After working as a full-stack developer using primarily dotnet core services, I knew I wanted to keep developing my knowledge of dotnet and Microsoft’s push into the cross platform world. Although Microsoft themselves haven’t yet realised their ideal of dotnet becoming as widespread in the cross platform desktop environment, as their server stack is (namely, they haven’t produced a cross compatible GUI framework yet), the folks behind AvaloniaUI stepped up to the challenge and produced an implementation of a dotnet GUI framework which closely mimicks the functionality of WPF.

Having already created a desktop application for Windows using dotnet core at my office job, I eagerly jumped into development of my remake of Moodkiller/xdelta3-gui-2.0, with the focus being to rewrite the functionality in that project from the ground up using Avalonia and dotnet core, allowing users on all platforms to take advantage of this awesome tool. Coincidentally, an issue ticket was raised on Moodkiller/xdelta3-gui-2.0, asking for clarification of whether users on non Windows platforms could use the tool as well. After noticing this ticket, I was sure that this was the project for me.

After only two half days, I was ready to publish version 1.0.0 of my first public project, which I had decided to name xDelta3 Cross GUI. At this stage, I hadn’t put much work into testing and validating my application on the target platforms, MacOS being especially challenging, since I didn’t have access to a device running the operating system at the time. As I was releasing bugfixes over the next few days, Lee Binder, the individual who had posted the issue ticket on Moodkiller’s repository, was quick to jump to help, sending over a design idea for an app icon, which I took inspiration from in creating the final icon, as well as submitting a few issues, which I hurried to fix.

Most of the bugs I faced were simple oversights, such as not taking potential spaces in file paths into account, and the like, but there were a few more interesting developments as well. What I was really excited about was creating a simple way to publish my project from any platform, to any platform, with the most professional outcome possible. To this end, I developed my Publish scripts, which I plan on refining and keeping in a seperate repository for future projects. Using these scripts, I could publish and package my application for Windows, Linux, and MacOS, without hassle.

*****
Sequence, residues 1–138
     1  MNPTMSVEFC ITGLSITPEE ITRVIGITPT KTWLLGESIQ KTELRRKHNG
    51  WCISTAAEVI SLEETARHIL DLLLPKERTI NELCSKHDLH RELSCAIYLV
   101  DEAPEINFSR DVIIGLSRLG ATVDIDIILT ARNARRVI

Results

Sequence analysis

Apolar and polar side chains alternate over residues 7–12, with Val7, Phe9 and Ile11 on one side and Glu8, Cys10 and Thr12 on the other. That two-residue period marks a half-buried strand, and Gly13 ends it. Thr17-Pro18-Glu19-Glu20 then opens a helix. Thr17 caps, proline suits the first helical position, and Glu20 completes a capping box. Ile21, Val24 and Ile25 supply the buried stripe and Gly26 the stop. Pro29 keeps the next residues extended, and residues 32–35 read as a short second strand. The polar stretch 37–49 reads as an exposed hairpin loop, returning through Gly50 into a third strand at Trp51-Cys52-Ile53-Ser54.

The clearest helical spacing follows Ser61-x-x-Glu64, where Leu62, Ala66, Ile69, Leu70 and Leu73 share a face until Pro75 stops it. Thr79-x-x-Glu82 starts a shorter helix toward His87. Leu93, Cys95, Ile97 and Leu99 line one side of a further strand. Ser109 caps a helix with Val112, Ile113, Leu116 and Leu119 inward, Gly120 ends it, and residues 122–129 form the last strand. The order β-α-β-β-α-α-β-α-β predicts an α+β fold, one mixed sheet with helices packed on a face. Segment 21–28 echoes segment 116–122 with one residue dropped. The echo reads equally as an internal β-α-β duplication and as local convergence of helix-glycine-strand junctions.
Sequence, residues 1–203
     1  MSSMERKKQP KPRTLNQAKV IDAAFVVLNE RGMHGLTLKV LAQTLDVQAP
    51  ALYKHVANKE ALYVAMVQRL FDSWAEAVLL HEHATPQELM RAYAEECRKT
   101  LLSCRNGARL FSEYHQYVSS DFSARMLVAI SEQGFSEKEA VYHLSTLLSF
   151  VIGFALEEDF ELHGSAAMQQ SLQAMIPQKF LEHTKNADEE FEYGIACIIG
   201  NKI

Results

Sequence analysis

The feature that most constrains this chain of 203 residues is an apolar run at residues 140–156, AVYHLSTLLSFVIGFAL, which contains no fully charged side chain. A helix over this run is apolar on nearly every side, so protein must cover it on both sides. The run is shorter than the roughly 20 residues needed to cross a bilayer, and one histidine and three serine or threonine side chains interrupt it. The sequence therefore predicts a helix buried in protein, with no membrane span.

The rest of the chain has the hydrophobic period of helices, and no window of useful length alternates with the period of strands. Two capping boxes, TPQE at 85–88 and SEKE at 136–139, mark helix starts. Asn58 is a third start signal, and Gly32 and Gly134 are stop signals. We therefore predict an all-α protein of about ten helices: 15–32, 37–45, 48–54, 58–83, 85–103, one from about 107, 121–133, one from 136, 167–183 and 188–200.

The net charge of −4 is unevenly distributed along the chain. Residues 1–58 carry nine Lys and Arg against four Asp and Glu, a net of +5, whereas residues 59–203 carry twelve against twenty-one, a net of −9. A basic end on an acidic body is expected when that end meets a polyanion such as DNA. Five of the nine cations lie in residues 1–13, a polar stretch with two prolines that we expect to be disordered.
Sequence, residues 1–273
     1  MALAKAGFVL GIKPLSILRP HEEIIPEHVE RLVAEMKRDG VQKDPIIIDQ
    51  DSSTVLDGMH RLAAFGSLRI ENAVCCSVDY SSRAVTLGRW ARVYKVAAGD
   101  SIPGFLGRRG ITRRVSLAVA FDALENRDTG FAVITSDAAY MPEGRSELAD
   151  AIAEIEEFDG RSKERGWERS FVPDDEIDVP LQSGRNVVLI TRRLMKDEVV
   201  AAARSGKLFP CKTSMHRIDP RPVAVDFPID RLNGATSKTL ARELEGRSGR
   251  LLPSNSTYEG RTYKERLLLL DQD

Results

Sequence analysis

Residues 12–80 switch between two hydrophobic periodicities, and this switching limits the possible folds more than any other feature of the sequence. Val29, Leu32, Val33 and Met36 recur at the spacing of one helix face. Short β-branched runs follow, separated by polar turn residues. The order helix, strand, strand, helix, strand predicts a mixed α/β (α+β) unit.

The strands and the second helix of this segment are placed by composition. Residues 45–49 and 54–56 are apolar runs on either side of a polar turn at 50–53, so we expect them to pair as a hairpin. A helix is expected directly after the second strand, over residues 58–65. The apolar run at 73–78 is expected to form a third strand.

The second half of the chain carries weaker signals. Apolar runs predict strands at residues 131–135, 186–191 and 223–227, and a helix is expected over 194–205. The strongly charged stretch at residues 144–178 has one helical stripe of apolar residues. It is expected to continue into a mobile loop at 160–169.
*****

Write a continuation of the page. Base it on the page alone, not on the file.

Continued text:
Starting from version 1.0.4 I decided to build to self-contained dotnet core applications for each platform (this is the default behaviour when building a project with a specified runtime identifier, in the case of exectuable projects). This, combined with the PublishTrimmed=true build parameter, which removes libraries which go unused in the project, eliminated the need for additional installation steps, with a minimal (~15-20MB) filesize cost. While even this filesize increase is not insignificant, for my application, I don’t think it’s an unreasonable compromise, especially as building the project from source isn’t too many steps removed from installing dotnet core manually, if space-savings are a demand for the user.